Yes and no. No doubt some viewers reveled in the sadistic violence and graphic gore; but I’m also quite sure others came for the gore and saw more than they bargained for. But I don’t think the violence was just a hook to trick gore-happy viewers into an edifying movie. It was also a way to express how unanswerably outrageous the crucifixion, the murder of God, really was.

Gibson is far from the first to depict the passion and death of Jesus in grotesquely heightened terms, because if we have a hard time grasping the spiritual horror of what happened, we can at least feel the corporeal horror, and go from there. It’s not necessary to depict the crucifixion this graphically, but it’s not illegitimate or inherently inappropriate; and it does have a purpose other than to feed viewer’s blood lust.

For instance: After the notorious interminable scourging scene comes a heart-stopping aerial view of Jesus’ blood splattered all over the courtyard. An impossible amount of blood. Pilate’s wife comes out with a stack of fresh linens and tremblingly offers them to Mary and Mary Magdalene, and the two climb down on their knees and begin to carefully mop up every drop. An impossible task. That scene is responsible for a permanent change in my thinking, transforming the phrase “precious blood” from a pious nicety into a central reality that changed how I approach the Eucharist.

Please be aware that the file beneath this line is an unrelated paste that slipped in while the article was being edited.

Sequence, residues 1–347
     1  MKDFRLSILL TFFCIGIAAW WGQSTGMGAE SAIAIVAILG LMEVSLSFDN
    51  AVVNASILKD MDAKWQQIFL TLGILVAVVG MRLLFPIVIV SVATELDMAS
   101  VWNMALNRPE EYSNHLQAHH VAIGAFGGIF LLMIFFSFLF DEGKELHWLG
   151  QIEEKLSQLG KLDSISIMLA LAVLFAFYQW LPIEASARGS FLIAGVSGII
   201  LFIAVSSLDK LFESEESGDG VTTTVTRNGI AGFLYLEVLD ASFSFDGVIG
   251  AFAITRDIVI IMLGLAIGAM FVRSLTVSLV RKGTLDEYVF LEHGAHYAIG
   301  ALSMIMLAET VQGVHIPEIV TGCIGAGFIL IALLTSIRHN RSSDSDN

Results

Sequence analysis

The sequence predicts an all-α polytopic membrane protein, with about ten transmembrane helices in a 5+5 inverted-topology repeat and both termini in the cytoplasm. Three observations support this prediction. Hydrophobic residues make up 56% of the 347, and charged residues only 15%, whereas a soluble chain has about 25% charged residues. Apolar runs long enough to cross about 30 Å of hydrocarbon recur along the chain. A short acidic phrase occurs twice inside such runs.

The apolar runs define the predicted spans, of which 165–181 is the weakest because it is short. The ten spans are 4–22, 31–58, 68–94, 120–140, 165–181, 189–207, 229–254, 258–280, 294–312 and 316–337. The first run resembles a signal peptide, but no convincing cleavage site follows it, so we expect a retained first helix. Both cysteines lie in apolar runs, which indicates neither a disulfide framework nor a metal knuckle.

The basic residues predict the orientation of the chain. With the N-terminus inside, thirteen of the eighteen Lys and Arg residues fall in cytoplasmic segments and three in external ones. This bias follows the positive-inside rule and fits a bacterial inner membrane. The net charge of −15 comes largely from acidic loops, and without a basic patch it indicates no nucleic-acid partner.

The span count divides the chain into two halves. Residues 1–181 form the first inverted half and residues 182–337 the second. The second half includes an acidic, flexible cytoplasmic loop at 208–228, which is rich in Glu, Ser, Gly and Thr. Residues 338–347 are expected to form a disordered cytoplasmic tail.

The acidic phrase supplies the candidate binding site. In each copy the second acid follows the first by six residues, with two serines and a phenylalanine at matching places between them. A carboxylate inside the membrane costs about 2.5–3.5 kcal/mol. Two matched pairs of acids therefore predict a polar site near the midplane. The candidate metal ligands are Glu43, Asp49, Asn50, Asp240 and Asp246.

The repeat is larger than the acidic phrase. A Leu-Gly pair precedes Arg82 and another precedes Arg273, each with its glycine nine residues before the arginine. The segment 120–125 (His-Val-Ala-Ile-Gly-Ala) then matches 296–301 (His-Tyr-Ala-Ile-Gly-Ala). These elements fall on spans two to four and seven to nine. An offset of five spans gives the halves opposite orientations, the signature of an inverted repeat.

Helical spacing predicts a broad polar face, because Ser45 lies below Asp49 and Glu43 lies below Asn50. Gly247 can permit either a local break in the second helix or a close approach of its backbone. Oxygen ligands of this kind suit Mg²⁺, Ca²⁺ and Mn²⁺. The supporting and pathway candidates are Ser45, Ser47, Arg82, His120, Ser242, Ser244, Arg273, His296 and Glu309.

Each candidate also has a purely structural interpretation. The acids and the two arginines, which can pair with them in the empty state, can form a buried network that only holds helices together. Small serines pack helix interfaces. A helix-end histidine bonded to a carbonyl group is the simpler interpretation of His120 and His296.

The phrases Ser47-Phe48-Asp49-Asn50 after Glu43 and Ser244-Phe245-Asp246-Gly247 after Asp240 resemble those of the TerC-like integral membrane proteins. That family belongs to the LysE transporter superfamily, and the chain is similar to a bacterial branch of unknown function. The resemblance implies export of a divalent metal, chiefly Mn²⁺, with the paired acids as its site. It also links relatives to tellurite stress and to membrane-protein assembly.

The violence may simply be too much for many viewers. But I didn’t see any violence that was there simply for the sake of showing violence. It was an ordeal to watch, and it was supposed to be.